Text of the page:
Pictured below: Our campaign manager?Lynn Kavanagh and the former Minister of Fisheries and?Oceans signing the Global Ghost Gear Initiative statement of support.

Lynn Kavanagh and Jonathan Wilkinson signing onto the GGGI at the 2018 G7.

Canada’s role in the Global Ghost Gear Initiative

Lost and abandoned fishing gear, also known as 'ghost gear', is one of the biggest threats to ocean wildlife, causing injuries or death to animals that become entangled in the gear. Ghost gear is also a major contributor to plastic pollution.

After engaging and lobbying the Canadian government on the ghost gear issue for a few years, Canada joined the Global Ghost Gear Initiative (GGGI) in 2018 at the G7 meeting in Halifax. Since then, the government has kept its promise of fighting the ghost gear problem by establishing a dedicated ghost gear program which includes removal efforts and well as a funding program for NGOs, companies, and fisheries groups to retrieve lost gear and develop solutions to prevent gear from being lost in the first place.?

To-date, the government has funded several projects in Canada and other regions including the Caribbean, and Vanuatu and the Solomon Islands. Projects are multi-faceted and include efforts such as lost gear retrieval, implementing gear disposal options, education and outreach to fishers, capacity-building through stakeholder workshops, gear marking pilot projects, mapping gear loss to identify hotspots, and recycling and circular economy initiatives whereby end-of-life gear in re-purposed into a new, useable product.?Click here to learn more about these projects.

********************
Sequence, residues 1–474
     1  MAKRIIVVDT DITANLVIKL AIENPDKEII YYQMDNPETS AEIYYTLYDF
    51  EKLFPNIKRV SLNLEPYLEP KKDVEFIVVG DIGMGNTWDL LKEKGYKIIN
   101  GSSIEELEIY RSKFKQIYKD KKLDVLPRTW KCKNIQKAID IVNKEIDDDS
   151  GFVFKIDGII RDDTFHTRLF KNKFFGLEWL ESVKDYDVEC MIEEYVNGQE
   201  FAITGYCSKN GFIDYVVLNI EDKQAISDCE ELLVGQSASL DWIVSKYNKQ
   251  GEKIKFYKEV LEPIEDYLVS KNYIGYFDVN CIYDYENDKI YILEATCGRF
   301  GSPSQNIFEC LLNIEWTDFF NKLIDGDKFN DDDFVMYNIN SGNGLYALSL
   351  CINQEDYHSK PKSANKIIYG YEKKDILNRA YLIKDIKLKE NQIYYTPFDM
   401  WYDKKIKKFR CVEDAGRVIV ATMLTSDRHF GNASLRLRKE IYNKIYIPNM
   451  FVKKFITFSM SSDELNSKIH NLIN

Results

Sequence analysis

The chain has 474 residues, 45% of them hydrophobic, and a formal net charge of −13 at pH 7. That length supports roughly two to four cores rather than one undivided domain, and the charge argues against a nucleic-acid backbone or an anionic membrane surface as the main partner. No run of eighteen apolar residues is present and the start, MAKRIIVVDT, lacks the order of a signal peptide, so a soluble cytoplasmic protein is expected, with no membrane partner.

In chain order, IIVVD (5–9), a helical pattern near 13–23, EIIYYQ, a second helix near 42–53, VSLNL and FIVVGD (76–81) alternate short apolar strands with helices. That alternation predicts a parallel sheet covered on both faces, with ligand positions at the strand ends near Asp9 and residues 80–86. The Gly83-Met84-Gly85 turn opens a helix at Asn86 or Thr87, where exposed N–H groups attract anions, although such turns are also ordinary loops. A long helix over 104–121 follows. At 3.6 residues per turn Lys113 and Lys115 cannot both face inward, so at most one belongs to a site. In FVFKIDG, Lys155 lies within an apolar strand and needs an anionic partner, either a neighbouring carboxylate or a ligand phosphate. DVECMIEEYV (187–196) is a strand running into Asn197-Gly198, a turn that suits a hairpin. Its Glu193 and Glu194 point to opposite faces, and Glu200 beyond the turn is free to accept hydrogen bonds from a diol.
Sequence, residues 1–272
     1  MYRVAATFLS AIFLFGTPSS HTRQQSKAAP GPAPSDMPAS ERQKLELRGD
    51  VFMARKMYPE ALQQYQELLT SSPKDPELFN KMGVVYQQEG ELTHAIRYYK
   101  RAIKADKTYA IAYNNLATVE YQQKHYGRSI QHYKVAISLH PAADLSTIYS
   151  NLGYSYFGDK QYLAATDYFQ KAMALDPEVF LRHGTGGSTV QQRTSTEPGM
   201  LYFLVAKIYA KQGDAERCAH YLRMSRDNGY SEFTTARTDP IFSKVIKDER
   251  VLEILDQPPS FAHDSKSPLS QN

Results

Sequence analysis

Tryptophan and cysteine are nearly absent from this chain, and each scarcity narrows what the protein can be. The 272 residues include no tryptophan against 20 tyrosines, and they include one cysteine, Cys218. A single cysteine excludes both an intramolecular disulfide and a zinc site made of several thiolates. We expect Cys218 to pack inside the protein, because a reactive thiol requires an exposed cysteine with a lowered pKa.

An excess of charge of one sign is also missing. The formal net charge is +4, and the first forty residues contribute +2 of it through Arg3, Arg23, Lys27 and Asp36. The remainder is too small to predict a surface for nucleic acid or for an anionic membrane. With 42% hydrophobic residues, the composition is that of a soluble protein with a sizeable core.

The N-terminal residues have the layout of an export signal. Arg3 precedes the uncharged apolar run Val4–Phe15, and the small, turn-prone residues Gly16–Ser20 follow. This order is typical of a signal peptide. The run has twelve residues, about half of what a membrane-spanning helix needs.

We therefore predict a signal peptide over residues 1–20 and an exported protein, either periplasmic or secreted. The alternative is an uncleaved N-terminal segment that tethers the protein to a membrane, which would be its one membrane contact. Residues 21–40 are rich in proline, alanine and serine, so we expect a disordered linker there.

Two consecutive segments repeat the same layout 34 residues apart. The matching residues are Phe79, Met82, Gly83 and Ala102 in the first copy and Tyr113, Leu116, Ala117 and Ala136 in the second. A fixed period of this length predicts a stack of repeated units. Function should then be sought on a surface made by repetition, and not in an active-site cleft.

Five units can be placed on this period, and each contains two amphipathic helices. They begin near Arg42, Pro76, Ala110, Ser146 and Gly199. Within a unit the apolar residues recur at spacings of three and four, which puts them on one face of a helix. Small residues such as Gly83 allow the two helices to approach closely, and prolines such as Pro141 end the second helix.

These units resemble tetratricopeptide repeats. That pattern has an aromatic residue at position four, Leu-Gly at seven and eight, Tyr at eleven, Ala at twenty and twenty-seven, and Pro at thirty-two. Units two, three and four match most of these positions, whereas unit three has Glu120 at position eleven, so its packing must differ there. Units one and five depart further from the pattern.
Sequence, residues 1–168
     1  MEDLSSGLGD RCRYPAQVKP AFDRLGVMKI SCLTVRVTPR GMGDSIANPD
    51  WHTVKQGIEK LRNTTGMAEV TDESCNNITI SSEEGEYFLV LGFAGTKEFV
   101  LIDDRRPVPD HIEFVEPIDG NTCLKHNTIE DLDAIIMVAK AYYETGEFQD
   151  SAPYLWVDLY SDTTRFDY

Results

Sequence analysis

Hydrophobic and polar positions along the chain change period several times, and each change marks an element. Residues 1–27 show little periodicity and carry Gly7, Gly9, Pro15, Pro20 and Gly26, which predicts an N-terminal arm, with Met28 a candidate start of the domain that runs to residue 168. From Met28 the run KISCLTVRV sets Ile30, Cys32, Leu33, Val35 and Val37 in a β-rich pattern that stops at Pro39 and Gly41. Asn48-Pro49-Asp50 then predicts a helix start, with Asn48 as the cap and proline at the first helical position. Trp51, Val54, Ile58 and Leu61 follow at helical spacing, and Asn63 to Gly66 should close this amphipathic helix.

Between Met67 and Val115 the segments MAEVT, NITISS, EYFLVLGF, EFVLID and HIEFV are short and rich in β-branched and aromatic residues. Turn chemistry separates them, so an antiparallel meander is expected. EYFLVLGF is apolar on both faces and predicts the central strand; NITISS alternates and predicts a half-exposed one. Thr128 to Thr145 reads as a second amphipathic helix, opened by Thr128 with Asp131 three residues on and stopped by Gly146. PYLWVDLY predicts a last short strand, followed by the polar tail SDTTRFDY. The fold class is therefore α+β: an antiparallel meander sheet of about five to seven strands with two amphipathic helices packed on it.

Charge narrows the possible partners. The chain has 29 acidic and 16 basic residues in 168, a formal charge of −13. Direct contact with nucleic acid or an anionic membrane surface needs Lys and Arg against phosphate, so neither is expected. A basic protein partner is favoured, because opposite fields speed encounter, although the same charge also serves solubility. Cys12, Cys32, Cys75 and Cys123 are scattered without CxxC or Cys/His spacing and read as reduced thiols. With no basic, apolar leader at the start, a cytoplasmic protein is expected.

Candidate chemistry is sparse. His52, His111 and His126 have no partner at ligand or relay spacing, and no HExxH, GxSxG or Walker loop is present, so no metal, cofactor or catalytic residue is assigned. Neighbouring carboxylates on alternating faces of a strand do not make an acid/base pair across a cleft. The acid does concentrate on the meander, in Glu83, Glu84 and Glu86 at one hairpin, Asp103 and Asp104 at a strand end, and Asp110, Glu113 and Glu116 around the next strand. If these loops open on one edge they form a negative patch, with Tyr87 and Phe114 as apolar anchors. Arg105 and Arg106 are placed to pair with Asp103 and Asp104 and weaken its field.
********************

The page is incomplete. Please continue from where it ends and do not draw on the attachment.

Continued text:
Cleaning up our oceans of harmful ghost gear not only helps to reduce the risk of harm to threatened and endangered species, protects all animals from the pain and suffering from being entangled on lost fishing gear and debris and helps to protect our fisheries that are already under threat from over-fishing.?We are so proud of the work we have done on this issue and that the GGGI continues to grow and develop!

WestJet stops promoting captive dolphin entertainment

In 2020, the pandemic brought travel to a halt and led many to begin rethinking how they might travel in the future in the ‘new normal’. ?There is a sense that nothing may ever be the same again and in the case of wildlife tourism, it should never be the same again. Dolphins exploited for tourist entertainment suffer greatly and World Animal Protection has been working with travel companies to remove these offerings from their supply chain and help build the industry back better, as a resilient, responsible and sustainable tourism sector.